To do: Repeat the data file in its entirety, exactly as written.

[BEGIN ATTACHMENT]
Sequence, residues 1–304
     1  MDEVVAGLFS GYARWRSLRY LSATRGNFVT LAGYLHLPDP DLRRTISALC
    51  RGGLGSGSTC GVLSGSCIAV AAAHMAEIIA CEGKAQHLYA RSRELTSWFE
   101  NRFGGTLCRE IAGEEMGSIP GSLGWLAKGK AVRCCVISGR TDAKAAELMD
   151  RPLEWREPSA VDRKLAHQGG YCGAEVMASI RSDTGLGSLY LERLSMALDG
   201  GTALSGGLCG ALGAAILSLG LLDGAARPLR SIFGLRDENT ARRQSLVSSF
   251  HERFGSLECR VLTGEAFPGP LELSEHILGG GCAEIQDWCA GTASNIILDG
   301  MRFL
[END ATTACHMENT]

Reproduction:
Sequence, residues 1–304
     1  MDEVVAGLFS GYARWRSLRY LSATRGNFVT LAGYLHLPDP DLRRTISALC
    51  RGGLGSGSTC GVLSGSCIAV AAAHMAEIIA CEGKAQHLYA RSRELTSWFE
   101  NRFGGTLCRE IAGEEMGSIP GSLGWLAKGK AVRCCVISGR TDAKAAELMD
   151  RPLEWREPSA VDRKLAHQGG YCGAEVMASI RSDTGLGSLY LERLSMALDG
   201  GTALSGGLCG ALGAAILSLG LLDGAARPLR SIFGLRDENT ARRQSLVSSF
   251  HERFGSLECR VLTGEAFPGP LELSEHILGG GCAEIQDWCA GTASNIILDG
   301  MRFL